A law inspired by the organ transplant experience

A law inspired by the organ transplant experience

A law inspired by the organ transplant experience
Trupti Rajput became a surrogate mother in the year 2008 for a New York-based couple. And helping her was a doctor based in Anand, Gujarat.  Dr Nayana Patel, who is credited or rather discredited for putting this town on the global surrogacy map.

A commerce and law graduate, the resentment Trupti has against the government is the new Surrogacy (Regulation) Bill, 2016, that allows only ‘altruistic surrogacy’ for childless couple married for at least five years. Even in the case of ‘altruistic surrogacy’, only a ‘close relative’ of the couple can become a surrogate mother.

Trupti opted to become a surrogate mother for want of a better house. With a monthly income of Rs 3,500, it was next to impossible for a family of five to have a decent house. However, she did have one later, courtesy the Rs 4,00,000 plus incentives she received from the “childless” American couple for giving birth to their girl child. But Trupti is not alone. She is among the 1,121 women who have become surrogate mothers and overcame their financial woes in the last one decade under the watchful eyes of Dr Nayana at her swanky Akanksha Hospital and Research Centre.

“The importance a surrogate mother gets at Nayanaben’s hospital is the highest. I separated from my husband six years ago and have no income. Can I go to a dentist? Here, my teeth have been treated. Moreover, we get a salary of Rs 4,000 every month, Rs 29,000 each on reaching four and eight months of pregnancy, in addition to Rs 4,00,000 on delivery,” says a 33-year-old Meenaben, who is four-months pregnant. She is one of the 50-odd surrogate mothers staying at Akanksha.

Dr Nayana houses women like Meena in rooms at her hospital from the day IVF treatment begins, where their dietary and medical requirements are taken care of. For psychological changes, there are counsellors and trainers who impart lessons in multiple subjects, including financial planning of the money these poor women would receive post surrogacy.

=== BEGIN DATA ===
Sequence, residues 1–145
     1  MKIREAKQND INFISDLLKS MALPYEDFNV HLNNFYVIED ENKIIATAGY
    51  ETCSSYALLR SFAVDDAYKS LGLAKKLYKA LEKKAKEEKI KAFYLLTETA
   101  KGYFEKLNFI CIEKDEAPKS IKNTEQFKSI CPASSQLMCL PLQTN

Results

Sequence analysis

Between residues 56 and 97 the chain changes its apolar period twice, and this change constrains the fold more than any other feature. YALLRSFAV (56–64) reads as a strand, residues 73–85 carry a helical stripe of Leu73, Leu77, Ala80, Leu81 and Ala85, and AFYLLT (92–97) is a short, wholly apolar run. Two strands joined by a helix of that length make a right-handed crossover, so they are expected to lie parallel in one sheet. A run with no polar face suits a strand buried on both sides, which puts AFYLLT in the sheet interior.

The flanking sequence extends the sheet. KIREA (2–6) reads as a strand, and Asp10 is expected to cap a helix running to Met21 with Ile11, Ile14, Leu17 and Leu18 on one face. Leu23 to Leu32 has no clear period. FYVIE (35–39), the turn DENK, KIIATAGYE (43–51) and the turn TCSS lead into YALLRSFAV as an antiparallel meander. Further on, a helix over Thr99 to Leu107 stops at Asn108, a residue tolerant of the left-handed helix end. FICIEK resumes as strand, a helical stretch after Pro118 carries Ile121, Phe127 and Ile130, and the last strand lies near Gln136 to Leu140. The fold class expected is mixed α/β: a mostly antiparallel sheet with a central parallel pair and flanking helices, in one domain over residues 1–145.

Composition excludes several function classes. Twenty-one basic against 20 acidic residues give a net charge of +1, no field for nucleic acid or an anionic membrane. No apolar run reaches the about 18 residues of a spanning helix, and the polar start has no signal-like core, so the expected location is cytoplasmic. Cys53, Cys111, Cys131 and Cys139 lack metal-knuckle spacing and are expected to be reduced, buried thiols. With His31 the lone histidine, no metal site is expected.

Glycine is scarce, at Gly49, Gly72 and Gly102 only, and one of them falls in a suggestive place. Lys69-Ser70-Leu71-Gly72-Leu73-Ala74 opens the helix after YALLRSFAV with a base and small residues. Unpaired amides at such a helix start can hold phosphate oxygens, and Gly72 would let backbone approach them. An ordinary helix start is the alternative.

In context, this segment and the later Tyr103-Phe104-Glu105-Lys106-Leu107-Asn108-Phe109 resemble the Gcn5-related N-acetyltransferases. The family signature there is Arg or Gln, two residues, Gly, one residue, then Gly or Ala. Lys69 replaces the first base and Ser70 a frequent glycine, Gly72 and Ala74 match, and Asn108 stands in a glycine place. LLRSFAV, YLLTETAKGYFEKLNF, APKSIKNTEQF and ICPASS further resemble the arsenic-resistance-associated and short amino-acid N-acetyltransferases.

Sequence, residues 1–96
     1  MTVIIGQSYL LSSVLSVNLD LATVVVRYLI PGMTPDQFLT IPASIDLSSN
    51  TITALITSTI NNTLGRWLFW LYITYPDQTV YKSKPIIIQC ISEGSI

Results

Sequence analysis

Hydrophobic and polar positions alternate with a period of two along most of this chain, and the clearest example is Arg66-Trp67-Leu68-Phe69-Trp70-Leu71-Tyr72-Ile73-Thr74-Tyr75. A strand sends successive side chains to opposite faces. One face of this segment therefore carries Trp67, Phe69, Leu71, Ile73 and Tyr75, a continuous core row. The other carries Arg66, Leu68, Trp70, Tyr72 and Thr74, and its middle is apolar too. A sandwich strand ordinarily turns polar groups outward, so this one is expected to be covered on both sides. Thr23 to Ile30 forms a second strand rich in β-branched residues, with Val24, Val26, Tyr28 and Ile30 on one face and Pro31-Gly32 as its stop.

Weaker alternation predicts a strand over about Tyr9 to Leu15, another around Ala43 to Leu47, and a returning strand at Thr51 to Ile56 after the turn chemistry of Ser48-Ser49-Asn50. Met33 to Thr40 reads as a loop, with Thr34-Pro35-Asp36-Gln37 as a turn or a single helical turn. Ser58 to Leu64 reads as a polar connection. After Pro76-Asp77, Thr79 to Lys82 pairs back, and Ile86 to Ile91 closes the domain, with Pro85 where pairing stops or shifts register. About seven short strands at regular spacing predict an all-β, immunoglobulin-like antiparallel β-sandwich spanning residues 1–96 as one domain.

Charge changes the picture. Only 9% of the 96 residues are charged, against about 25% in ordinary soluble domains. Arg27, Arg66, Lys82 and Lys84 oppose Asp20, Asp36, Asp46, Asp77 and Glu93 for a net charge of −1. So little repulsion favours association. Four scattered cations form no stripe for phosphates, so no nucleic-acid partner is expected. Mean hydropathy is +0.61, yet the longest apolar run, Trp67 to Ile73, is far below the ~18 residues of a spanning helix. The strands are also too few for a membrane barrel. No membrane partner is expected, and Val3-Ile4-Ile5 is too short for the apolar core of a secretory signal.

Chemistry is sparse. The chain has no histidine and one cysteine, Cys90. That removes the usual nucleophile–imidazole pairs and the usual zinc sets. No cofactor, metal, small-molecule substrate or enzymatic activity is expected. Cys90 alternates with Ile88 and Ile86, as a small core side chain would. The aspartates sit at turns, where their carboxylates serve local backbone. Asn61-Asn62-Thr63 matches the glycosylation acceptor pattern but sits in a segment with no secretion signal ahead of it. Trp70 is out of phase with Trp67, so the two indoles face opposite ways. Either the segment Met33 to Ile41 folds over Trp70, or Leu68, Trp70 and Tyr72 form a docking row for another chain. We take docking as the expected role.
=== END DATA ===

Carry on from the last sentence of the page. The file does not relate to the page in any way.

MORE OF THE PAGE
“Here we also get to acquire skills in beauty treatment and sewing. When we leave, ben gives us kit to start our business. She gives us insurance, school bags for our children, scholarships and medical treatment for family. Does government give us all this? We have to slog it out on our own,” she adds.

Like Meenaben, another 32-year-old surrogate Rekhaben Vankar, too, tells a similar story of economic hardship. “My husband is MA and B.Ed but has no job. He did odd jobs, earning Rs 80-100 per day, but met with an accident. I have two children and sometimes we cannot afford a proper meal. Here, I get to eat two vegetables, chapatti, rice, dal, fruits and even dry fruits! And once I give birth to the surrogate child, I will have money to repair my home and educate my children. I will also help make a childless couple happy. Is this a crime?” she asks.

Little wonder that these women refuse to accept that by lending their womb for a price was akin to selling the baby? “We live in a Hindu society which can never accept commercial surrogacy. We come here with complete consent of our families and we know what we are doing,” they say. A view echoed by their Dr Nayana, who believes that stopping financial aid in lieu of surrogacy without offering any viable alternative was “injustice” to these poor women. “You are telling them that because they are poor, they cannot make a choice. Which other moral or ethical way can an illiterate daily wage earner or a widow earn Rs 4,50,000 to 5,00,000 in such a short time?” she asks.

Whatever detractors may say, walk in to her hospital and you would find hordes of childless couples and elderly waiting silently for hours to meet the busy doctor. “Today, a more than 40-year-old high court judge from the north came in seeking a surrogate child. Her husband is younger to her and the family wants her to either bear a child or let her husband get remarried. Medically she cannot be a mother. 

In another case, a top IT guy came in with his wife who is unable to conceive. But they do not want to adopt a child. I do not make these choices. They do,” she says.Talking of the bill, Dr Nayana says that it appears to be inspired more from the country’s experiences in the field of organ transplants. “The government says the surrogate mother must be from the family, fertile, one who has borne a child and is below 35 years. This restricts the choice for a childless couple. It can also create social and inheritance issues. The surrogate mother in the family would see her child grow but cannot tell the child that she is his or her natural mother. There will be trouble,” says Dr Nayana.

Though she accepts the need for regulation of surrogacy in India, she expresses surprise at the content of the bill. “We don’t know if the babus or the Cabinet ministers prepared the bill, but it is definitely not with the involvement of the medical fraternity,” she said, before picking up her phone to speak, perhaps to a lawyer on exploring options to challenge the bill.

As for the surrogates, they say they will raise their voice. But where? Their answer is a smile, and then silence.
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